Secrets to Insect Adaption to Climate Change Uncovered in the European Corn Borer MothOctober 23, 2019
Biologists led by Tufts University have found two genes from the European corn borer moth (Ostrinia nubilalis) that may allow some insect species to survive climate change by adjusting their biological annual clocks while others succumb. The research team identified variation in two circadian clock genes – per and Pdfr – that enable different populations of the moth to adapt their transitions to longer or shorter winters.
Winter is expected to decrease by a month in the next century, and as climate change is already underway, many insect species are experiencing profound effects. Earlier springtime activity and the emergence from dormant winter state (diapause) allow insect populations to seek out and find favorable environments to produce more generations per year. These activities improve the survivability of the insects who undergo rapid environmental changes. The researchers scanned the corn borer genome among five moth species and found that the two genes correlating with this activity are the genes period (per) and pigment dispersing factor receptor (Pdfr). They further predicted that intense selection on variants of these two genes is likely to be important to adaptation and range expansion under continued global climate change.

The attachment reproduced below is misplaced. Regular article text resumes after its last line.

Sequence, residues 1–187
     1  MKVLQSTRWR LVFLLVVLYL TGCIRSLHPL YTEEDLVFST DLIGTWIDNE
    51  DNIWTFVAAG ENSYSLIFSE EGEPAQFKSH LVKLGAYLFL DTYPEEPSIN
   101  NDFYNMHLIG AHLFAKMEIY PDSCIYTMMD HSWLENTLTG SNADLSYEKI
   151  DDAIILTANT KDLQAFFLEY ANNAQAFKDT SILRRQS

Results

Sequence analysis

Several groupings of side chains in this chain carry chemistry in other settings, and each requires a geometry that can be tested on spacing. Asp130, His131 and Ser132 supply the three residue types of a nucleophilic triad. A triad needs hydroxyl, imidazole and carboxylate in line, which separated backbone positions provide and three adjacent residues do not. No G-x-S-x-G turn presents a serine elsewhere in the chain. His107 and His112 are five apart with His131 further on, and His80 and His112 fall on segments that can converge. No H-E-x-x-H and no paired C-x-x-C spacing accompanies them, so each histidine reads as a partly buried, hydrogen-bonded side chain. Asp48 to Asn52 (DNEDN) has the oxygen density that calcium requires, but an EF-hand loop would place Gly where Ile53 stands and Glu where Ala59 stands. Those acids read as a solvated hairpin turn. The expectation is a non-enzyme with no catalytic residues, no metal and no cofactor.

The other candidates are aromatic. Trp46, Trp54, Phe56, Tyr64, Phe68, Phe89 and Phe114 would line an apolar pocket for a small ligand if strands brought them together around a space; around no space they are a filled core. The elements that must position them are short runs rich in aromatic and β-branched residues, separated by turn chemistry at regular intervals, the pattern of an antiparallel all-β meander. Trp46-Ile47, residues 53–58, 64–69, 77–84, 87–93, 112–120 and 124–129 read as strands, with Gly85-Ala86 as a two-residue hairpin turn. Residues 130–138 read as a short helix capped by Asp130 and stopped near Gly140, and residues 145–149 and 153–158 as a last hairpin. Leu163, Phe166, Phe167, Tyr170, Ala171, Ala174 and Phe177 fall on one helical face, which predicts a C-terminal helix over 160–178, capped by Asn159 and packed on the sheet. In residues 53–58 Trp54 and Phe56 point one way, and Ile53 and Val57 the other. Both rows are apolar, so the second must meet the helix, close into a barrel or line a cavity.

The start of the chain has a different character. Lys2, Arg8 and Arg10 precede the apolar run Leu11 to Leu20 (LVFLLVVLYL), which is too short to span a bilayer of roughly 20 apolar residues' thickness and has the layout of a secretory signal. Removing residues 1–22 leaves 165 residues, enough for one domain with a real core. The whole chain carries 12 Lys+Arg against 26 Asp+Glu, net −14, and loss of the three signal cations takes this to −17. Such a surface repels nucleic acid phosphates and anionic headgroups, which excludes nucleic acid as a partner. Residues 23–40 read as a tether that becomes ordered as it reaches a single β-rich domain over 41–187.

The two genes are known to interact with the circadian pacemaker neurons in insect brains, where they synchronize biological activity to the daily cycles of night and day.
For more details, read the article in TuftsNow.
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